Laboratories of Autocracy

Normal people were shocked when they heard about the 10-year old girl in Ohio who was raped, became pregnant, and was forced to travel to Indiana to get an abortion because Ohio’s new forced-birth law doesn’t have an exception for rape. From a long article by Jane Mayer for The New Yorker:

[Ohio’s] residents tend to be politically moderate, and polls consistently show that a majority of Ohio voters support legal access to abortion…. Yet, as the recent ordeal of a pregnant ten-year-old rape victim has illustrated, Ohio’s state legislature has become radically out of synch with its constituents….

Longtime Ohio politicians have been shocked by the state’s transformation into a center of extremist legislation, not just on abortion but on such divisive issues as guns and transgender rights. Ted Strickland, a Democrat who served as governor between 2007 and 2011, told me, “The legislature is as barbaric, primitive, and Neanderthal as any in the country. It’s really troubling”…. The story is similar in several other states with reputations for being moderate, such as Wisconsin and Pennsylvania: their legislatures have also begun proposing laws so far to the right that they could never be passed in the U.S. Congress…..

A 2020 survey indicated that less than fourteen per cent of Ohioans support banning all abortions without exceptions for rape and incest…. But the Democrats in the Ohio legislature had no way to mount resistance: since 2012, the Republicans have had a veto-proof super-majority in both chambers….

… The General Assembly’s increasingly radical Republican majority is poised to pass even more repressive restrictions … when it returns from a summer recess. State Representative Gary Click … has proposed a “Personhood Act,” which would prohibit any interference with embryonic development from the moment of conception, unless the mother’s life is endangered. If the bill passes, it could outlaw many kinds of contraception, not to mention various practices commonly used during in-vitro fertilization.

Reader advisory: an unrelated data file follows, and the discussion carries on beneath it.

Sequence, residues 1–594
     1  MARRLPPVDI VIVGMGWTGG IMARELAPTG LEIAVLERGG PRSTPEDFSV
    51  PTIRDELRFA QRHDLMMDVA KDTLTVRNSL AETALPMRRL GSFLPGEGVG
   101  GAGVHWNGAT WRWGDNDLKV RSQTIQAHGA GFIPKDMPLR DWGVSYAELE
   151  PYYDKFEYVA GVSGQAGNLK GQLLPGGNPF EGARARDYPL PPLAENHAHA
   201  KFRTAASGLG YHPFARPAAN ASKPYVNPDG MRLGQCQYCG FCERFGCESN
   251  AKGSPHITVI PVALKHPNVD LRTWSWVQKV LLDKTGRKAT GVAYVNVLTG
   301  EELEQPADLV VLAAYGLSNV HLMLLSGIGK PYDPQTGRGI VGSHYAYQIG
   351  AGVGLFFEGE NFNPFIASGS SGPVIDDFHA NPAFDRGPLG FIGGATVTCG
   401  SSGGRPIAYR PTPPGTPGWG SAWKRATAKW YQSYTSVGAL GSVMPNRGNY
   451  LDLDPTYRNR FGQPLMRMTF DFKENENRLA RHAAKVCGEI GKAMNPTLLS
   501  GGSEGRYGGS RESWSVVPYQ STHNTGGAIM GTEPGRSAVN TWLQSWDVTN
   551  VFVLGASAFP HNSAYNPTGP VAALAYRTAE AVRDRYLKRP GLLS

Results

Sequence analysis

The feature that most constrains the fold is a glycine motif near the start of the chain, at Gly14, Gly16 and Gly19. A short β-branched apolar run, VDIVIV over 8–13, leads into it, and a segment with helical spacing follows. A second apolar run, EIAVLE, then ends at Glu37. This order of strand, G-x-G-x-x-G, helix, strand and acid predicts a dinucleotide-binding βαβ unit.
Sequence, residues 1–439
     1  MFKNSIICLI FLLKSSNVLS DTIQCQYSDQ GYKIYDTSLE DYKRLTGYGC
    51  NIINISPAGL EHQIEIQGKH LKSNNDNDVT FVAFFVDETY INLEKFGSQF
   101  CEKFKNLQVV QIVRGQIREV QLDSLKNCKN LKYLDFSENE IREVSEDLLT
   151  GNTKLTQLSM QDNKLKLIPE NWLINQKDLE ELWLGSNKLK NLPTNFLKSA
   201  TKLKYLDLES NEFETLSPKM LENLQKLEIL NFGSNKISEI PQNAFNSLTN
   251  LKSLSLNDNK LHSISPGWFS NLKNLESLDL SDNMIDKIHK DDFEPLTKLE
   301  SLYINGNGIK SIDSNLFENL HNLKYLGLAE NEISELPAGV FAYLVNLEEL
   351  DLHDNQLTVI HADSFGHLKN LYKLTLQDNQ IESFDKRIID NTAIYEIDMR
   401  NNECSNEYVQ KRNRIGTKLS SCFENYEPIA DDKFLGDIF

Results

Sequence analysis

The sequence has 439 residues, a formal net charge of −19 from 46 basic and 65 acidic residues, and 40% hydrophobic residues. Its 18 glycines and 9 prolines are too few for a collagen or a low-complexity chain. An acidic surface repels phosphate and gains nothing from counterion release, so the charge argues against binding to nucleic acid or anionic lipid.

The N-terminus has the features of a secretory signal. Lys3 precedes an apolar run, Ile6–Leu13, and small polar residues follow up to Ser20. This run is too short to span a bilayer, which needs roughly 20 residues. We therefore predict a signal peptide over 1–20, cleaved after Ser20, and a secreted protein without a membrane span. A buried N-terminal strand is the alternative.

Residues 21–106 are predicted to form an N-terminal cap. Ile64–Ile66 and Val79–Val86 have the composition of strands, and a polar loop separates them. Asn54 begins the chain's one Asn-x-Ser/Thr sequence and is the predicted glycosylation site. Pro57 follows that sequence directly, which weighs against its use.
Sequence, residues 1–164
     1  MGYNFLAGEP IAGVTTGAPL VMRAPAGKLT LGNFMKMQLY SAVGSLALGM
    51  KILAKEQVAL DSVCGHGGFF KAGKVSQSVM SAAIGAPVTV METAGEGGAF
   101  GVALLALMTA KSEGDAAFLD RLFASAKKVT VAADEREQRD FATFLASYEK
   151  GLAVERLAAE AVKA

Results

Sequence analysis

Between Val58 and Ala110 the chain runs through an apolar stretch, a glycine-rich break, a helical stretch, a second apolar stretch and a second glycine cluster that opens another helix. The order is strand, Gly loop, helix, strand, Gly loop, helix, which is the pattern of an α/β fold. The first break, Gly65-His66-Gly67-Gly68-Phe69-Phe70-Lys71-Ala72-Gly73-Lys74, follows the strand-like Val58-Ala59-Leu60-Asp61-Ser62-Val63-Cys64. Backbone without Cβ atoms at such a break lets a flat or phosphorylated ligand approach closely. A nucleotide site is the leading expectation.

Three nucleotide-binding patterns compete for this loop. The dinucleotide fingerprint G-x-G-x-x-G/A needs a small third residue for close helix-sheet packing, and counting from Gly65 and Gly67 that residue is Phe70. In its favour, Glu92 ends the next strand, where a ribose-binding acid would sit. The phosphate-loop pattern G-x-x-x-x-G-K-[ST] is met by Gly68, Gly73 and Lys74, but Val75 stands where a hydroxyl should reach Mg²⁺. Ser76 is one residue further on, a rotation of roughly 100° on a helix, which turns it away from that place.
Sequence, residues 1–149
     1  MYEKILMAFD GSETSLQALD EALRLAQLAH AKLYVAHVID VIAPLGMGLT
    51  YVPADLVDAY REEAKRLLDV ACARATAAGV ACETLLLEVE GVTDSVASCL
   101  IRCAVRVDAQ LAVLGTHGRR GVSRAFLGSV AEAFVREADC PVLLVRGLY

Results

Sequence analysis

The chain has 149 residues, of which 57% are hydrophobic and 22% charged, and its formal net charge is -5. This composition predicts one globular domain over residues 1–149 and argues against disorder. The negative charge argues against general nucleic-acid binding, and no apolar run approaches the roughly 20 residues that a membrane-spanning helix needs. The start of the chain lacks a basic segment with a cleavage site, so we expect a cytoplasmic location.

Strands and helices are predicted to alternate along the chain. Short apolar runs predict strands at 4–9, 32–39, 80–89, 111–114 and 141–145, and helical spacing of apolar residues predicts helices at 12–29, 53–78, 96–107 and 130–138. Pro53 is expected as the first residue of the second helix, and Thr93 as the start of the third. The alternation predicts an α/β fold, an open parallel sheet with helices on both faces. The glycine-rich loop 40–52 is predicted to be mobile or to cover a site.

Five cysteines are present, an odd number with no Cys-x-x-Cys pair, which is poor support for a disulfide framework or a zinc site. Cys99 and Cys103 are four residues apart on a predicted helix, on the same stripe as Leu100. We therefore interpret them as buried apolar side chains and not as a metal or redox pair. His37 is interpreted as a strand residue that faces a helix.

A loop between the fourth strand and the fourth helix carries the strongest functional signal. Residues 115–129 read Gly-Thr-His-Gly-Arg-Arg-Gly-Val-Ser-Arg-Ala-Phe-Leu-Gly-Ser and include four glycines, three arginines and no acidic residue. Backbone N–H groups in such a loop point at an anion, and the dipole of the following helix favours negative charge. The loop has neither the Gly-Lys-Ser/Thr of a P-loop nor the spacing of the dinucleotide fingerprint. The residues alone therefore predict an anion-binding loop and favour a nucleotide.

[David Niven, a University of Cincinnati professor,] told me that, according to one study, the laws being passed by Ohio’s statehouse place it to the right of the deeply conservative legislature in South Carolina. How did this happen, given that most Ohio voters are not ultra-conservatives? “It’s all about gerrymandering,” Niven told me.

The legislative-district maps in Ohio have been deliberately drawn so that many Republicans effectively cannot lose, all but insuring that the Party has a veto-proof super-majority. As a result, the only contests most Republican incumbents need worry about are the primaries—and, because hard-core partisans dominate the vote in those contests, the sole threat most Republican incumbents face is the possibility of being outflanked by a rival even farther to the right.

The national press has devoted considerable attention to the gerrymandering of congressional districts, but state legislative districts have received much less scrutiny, even though they are every bit as skewed, and in some states far more so. “Ohio is about the second most gerrymandered statehouse in the country,” Niven told me. “It doesn’t have a voter base to support a total abortion ban, yet that’s a likely outcome.” He concluded, “Ohio has become the Hindenburg of democracy.”

Hindenburg_disaster

David Pepper, an election-law professor, has a book, “Laboratories of Autocracy,” whose title offers a grim spin on a famous statement, attributed to the Supreme Court Justice Louis Brandeis, calling America’s state legislatures “laboratories of democracy”…. He is determined to get the Democratic political establishment to stop lavishing almost all its money and attention on U.S. House, Senate, and gubernatorial races … and to focus more energy on what he sees as a greater emergency: the collapse of representative democracy in one statehouse after another.